Interview with Tamar McLeod Sinclair
A Story by Miia Pitkänen
BARCELONA´S UNDERGROUND SCENE - TAMAR MCLEOD SINCLAIR
Who is Tamar? "Good question!" she exclaims as her laughter fills every corner of the room. She laughs often and when she does, the sound emerges from the depths of her very gut. Tamar McLeod Sinclair is a New Zealander, singer-songwriter, globetrotter, healer, feminist and a warrior. She is a curiosity in the bloodline of humanity and a living example of persistence to be who you are and do what you must, despite others opinions. Here she reveals her art and life; her jorney from otherness to unity.
"I was born in Auckland and I feel a strong connection to my Maori Ngai Tahu and Polynesian roots. From when I was very young, I had it clear that I didn´t want to live in New Zealand. I was always told my Maori roots would not be valued overseas. It was my dream to live in Barcelona and I moved here in 2011. When I arrived I hardly knew anybody and I didn´t have any money so it was kind of risky. But I thought: What the fuck! You only live once. Spanish culture has always interested me: the broken landscape of flamenco - I find it very beautiful and inspiring, a magnet. It is important to me to be part of a community and I´ve found that. Barcelona is my home now."
Tamar has a fusion jazz solo project, The Naked Sessions, her second album released. In The Naked Sessions Tamar performs Maori songs that she learnt as a child, songs from important Maori artists and her own songs which contain sacred Maori chants.
"The chants normally were not allowed to be taken out of their "sacred" context. I´m demystifying the hierarchial "sacredness" of the material. Some people don´t like that. Some years ago I received heavy criticism on my first demo and as a result I literally threw it in the rubbish. I thought I was doing something terribly wrong. Later I realised that I can´t help it; This is what comes out when I sit down at the piano and sing. I sing the songs with respect and love and I don´t think my ancestors would mind that I breath life into their songs and chants. Another thing is that women were not suppose to sing certain chants as the traditional Maori society was patriarchal and only the men had the right to sing those chants.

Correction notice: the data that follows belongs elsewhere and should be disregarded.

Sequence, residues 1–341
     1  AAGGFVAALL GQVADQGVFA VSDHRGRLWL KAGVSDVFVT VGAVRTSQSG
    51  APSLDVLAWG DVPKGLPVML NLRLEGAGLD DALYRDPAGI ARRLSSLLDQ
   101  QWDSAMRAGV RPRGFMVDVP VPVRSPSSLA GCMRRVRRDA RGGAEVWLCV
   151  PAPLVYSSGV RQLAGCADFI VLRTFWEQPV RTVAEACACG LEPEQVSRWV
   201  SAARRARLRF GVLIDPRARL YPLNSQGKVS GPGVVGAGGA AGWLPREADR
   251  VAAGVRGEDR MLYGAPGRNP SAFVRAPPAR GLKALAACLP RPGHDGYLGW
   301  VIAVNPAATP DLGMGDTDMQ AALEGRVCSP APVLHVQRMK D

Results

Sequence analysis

While she builds her life in Spain, in the meantime, people in the land of her ancestors struggle with the side-effects of the over consuming lifestyle of our modern societies. Tamar´s family has land in Fiji. It´s a green hilly island with white sandy beaches and clear turquoise water with abundant marine life, the kind of paradise perfect to snorkel. In February 2016, Cyclone Winston tore across the island, destroying homes of thousands of people and leaving the local farmers in despair. For Tamar, today´s hot potato global warming is not a question of an opinion, but a reality that you can either accept or close your eyes to.
"It´s serious stuff! I think people who think everything is going to be alright in a hundred years are absolutely fooling themselves. It´s not sustainable what´s going on. Global warming is real, not an abstract thing."
After pondering the journey she has made until now, it´s time to look to the future – and laugh. One can´t stay and lye in the fire, you have to become the fire.
"My dream is to keep on going and growing. And get well paid gigs! Hahahaa! It´s hard work to build dreams, to be persistent! But it´s worth it. The feedback from the audience is now the opposite to what it was before for the first demo. Managing the whole production of my music myself is very demanding, so I´d like to get more support."
How about New Zealand?
"During living abroad my accent has changed. They ask me in New Zealand where I´m from and I say “New Zealand” and then they ask me “But where before that?” and I answer “From the universe”.
"Value yourself. It means believing your life is important, Now." - Tamar McLeod Sinclair.